The High Court today handed down its decision in Miller v Secretary of State for Exiting the European Union. As has now been widely reported, the High Court found that the Government could not use its prerogative powers to trigger a notification under Article 50 of the Lisbon Treaty to withdraw from the European Union. Notification under Article 50 would require the approval of Parliament.
The Court (after affirming that the case was justiciable) accepted, at para  of its judgment, that it was “common ground” that Article 50 was irrevocable, since Government lawyers had not contested this point. This starting point made it easier for the Court to find, at paras – of its judgment, that rights would be affected by notification, including rights of workers (such as under the EU Working Time Directive), and rights enjoyed by British citizens and companies in relation to activities in other EU Member States. The Court also discussed, in dealing with legal background, the various presumptions governing how legislation is to be interpreted, and the link between these presumptions and constitutional precepts. Constitutional precepts relevant in this case include parliamentary sovereignty and the notion that prerogative powers cannot be used to alter domestic law.
The Court’s decision that prerogative powers could not be used for notification was reached through the prism of parliamentary intention: an interesting approach for the Court to take, which arguably helps to shield the Court from inevitable accusations of judicial activism. The Court asked whether Parliament intended, through the European Communities Act 1972 (which it considered to be a ‘constitutional statute’: –), to allow the prerogative to issue an Article 50 notification. In deciding that Parliament did not intend for prerogative powers to have this effect, the Court appeared to rely on two key principles:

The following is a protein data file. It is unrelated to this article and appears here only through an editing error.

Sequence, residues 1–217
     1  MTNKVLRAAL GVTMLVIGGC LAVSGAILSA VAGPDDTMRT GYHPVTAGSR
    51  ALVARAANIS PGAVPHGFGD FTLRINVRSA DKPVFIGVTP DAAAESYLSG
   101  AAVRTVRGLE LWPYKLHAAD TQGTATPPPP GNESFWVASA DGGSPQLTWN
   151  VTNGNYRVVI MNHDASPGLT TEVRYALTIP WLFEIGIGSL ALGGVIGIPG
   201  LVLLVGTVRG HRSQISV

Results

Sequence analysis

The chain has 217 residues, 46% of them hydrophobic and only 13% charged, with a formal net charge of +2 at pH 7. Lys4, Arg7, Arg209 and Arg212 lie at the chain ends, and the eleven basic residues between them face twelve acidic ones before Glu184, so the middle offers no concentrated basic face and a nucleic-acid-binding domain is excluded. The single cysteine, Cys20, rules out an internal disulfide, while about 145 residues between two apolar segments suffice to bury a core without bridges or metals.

- The principle that prerogative powers cannot be used to remove rights. The Court expressed this at para  as “the basic position” that “the Crown cannot through the use of its prerogative powers increase or diminish or dispense with the rights of individuals or companies conferred by common law or statute or change domestic law in any way without the intervention of Parliament.” This had been a core argument of David Pannick QC in oral submissions.
- The principle that where a statute ‘covers the field’, prerogative cannot be relied upon. Margit Cohn has called this ‘the rule of residuality’ (in (2005) 25 OJLS 97). The Court seemed to conclude that the ECA had covered the field, as noted at para (8) where it said: “It is not compatible with this degree of Parliamentary control – listing the main ‘Treaties’ in the ECA 1972 itself and providing for a high degree of Parliamentary control by way of approval by resolution of both Houses before an ancillary treaty qualifies as a ‘Treaty’ for the purposes of the Act – that Parliament at the same time intended that the Crown should be able to change domestic law by the simple means of using its prerogative power …”
Both principles could have been specified more precisely, and their application to the European Communities Act might have been made clearer. That said, the Court had limited time to deliver its judgment.
From a human rights perspective, it would seem especially important that the scope of the principle that prerogative powers cannot be used to remove rights be given further attention. What does it mean for the prerogative to “diminish” rights? The Miller case involved a clear removal of rights through treaty withdrawal. But in other cases should a proportionality test be used, or is interference with a right sufficient? These questions await further academic and judicial consideration.